While growing up in Rockville, Ben Warnquist often heard his father gush over the greatness of Cole Field House, the former home of the Terrapins men’s and women’s basketball teams. But the Terps moved into Comcast Center in 2002, so the junior communication major hasn’t been able to watch a game in the historic arena during his time as a Terps fan.
“My dad went to Maryland, and I’ve been hearing that Cole Field House was the best place to be to watch a game for a long time,” Warnquist said. “I’d be thrilled if they would be doing anything in there.”
This season, Warnquist will finally get the chance to measure his father’s words against his own experience, as the men’s and women’s basketball teams will hold the annual Maryland Madness event in Cole on Oct. 18.
The event will mark the first official university basketball event in the building since the men’s team beat Virginia, 112-92, in the final regular-season game of their national championship run in 2002.
“Cole Field House represented many of the most iconic and memorable moments in Maryland basketball program history,” coach Mark Turgeon said in a press release. “Cole was host to multiple Hall of Fame coaches and countless All-Americans that helped make Maryland basketball what it is today.”
Cole Field House is now known as Cole Student Activities Building and hosts small concerts, comedy shows and indoor soccer matches. But from 1955 to 2002, it was home to the men’s basketball team, and in 1971, the women began playing there as well.
The two teams combined to compile a record of 774-246 at Cole, and at the time of its closing, the building had hosted seven upsets of the nation’s No. 1 men’s basketball team — more than any other arena in the country.
Sixteen Terps men’s and women’s All-Americans played their college basketball in Cole Field House, including John Lucas, Len Bias and Juan Dixon.
“I think having some part of the basketball team in there is great,” senior education major Nick Sevilla said. “I think bringing it back to Cole Field House for just one night will help tie in the tradition of the history for everyone to get ready for this season.”
Maryland Madness typically kicks off the Terps’ practice schedule, but new NCAA rules allow coaches to start practice two weeks earlier than in the past. So the Terps will begin practicing this week, but Maryland Madness will still be the first chance for students and fans to see the teams in action.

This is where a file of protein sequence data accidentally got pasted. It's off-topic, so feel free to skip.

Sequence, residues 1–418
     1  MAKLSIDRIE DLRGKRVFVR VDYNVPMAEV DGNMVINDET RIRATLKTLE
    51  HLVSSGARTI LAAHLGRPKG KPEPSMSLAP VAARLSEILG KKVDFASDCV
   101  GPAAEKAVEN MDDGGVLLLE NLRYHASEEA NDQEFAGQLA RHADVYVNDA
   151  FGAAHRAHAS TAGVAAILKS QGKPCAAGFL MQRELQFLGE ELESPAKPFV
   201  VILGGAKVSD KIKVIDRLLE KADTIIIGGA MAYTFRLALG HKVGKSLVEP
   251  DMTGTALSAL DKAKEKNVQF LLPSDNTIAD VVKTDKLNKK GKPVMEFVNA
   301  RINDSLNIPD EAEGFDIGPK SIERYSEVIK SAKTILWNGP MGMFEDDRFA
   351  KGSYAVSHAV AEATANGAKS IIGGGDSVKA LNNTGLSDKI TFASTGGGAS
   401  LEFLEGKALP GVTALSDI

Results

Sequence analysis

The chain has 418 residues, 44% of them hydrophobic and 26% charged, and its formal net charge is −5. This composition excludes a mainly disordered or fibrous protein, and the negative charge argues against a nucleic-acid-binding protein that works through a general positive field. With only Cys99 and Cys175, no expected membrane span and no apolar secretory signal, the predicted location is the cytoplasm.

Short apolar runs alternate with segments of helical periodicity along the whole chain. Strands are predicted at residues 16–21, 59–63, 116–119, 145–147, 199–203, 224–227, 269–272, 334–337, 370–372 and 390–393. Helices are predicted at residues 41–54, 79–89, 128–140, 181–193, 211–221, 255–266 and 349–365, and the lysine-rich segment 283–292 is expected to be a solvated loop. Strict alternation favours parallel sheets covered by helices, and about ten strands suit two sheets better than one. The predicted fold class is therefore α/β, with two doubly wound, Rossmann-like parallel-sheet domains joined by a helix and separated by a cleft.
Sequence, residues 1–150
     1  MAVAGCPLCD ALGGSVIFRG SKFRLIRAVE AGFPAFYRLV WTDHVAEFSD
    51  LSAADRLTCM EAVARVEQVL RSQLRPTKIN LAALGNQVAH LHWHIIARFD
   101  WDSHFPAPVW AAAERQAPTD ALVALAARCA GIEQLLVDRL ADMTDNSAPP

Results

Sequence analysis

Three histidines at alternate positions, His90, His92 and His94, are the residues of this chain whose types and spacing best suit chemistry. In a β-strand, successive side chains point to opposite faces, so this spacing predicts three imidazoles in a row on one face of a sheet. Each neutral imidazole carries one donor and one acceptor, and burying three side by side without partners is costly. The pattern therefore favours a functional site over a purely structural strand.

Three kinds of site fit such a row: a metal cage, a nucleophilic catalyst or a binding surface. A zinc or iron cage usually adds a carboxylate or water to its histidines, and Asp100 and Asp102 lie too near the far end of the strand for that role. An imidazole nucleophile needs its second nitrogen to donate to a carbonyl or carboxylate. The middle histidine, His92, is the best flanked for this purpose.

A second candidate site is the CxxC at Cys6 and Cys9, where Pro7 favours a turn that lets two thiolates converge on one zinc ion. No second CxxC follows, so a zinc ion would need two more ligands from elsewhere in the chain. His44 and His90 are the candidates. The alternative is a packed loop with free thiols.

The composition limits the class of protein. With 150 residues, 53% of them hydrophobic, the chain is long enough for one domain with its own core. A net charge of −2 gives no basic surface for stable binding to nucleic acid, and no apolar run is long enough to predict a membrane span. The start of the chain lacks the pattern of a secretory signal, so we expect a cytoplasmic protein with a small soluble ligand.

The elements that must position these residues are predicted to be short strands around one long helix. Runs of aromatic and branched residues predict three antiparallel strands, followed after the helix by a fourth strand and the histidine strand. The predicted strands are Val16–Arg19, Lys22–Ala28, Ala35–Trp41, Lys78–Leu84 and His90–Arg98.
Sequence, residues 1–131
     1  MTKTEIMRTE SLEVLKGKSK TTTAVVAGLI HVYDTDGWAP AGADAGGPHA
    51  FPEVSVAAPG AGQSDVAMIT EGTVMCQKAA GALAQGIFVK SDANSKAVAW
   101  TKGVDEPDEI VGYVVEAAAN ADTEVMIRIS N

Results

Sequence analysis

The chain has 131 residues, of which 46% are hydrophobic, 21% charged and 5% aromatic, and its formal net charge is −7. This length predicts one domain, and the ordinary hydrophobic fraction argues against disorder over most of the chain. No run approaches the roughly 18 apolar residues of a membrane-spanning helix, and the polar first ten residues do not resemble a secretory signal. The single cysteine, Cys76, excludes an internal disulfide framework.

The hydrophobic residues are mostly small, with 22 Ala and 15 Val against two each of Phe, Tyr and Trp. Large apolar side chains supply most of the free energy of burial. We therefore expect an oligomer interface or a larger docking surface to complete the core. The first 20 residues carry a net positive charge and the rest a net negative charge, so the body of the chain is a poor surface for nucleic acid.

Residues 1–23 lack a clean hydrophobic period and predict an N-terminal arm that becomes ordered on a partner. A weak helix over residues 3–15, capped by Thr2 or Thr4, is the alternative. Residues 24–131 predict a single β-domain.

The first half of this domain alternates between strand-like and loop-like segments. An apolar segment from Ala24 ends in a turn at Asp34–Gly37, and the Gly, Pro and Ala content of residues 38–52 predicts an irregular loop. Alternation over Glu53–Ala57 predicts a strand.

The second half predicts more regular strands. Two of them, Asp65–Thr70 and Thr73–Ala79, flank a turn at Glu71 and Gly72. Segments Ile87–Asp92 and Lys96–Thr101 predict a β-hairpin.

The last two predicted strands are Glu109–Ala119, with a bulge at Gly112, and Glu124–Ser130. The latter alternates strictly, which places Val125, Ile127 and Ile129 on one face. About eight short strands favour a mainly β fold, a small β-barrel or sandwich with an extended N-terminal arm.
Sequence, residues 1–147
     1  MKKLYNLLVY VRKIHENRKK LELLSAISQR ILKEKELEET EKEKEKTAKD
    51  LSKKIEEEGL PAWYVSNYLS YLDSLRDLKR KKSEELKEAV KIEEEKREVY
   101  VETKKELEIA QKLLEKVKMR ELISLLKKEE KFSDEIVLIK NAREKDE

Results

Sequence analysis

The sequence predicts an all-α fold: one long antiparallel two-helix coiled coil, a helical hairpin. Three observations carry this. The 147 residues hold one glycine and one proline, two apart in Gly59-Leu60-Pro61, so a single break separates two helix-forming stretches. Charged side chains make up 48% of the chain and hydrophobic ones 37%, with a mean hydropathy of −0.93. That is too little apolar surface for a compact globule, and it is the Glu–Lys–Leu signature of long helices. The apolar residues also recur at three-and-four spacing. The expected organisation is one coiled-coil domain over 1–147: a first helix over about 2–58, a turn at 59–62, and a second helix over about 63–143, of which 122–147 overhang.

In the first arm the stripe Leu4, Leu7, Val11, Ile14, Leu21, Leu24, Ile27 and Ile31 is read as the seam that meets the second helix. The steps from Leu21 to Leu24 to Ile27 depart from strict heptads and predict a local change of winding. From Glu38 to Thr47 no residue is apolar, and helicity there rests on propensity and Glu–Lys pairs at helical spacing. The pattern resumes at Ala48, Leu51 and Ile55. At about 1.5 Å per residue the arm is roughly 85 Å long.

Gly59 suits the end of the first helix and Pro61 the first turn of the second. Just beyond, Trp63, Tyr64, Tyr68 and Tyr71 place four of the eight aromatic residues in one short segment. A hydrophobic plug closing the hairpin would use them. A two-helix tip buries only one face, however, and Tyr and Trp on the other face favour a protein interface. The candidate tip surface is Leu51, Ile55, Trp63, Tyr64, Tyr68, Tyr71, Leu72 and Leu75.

“It’s a great chance for this generation to get a glimpse of what Maryland basketball was like and to honor our history,” said women’s coach Brenda Frese, who arrived in College Park for the 2002-03 season, the year the teams began playing in Comcast Center.
Maryland Madness might not be the only look students get at Cole Field House, though. In an ESPN podcast with Andy Katz and Seth Greenberg yesterday, Turgeon mentioned he hopes to play one regular-season game each year at Cole.
“It’s something that I’ve wanted to do since taking the job here,” Turgeon said. “I’ve wanted to get back into Cole. I know our fans are really enthusiastic about it.”
Turgeon hopes to hold the game during winter break, when the team struggles to attract fans to Comcast Center with school out of session. Still, he understands there are some logistical issues.
“We’re going to have to put some money, scoreboard, court, fix up the seating for us to do that,” the third-year coach said. “I think we’d fill it up and fans would be pumped up for it.”
Perhaps Turgeon will get his wish and the Terps will play a meaningful game in Cole sometime in the near future. But there are no plans in place for that just yet, so it seems students will have to take advantage of Maryland Madness if they want to witness basketball in the Terps’ former home.
Warnquist will attend the event, and he’ll bring his friend Alex Hoffman, another junior communication major, with him.
Hoffman, a Frederick native, said he attended several games at Cole before the Terps moved into Comcast. And though he was too young then to remember much, he’s itching to go back.
“I remember it being a big deal when they moved out of Cole to Comcast, so it’s really cool,” Hoffman said. “I’m really excited for it, and I think most students are, too.”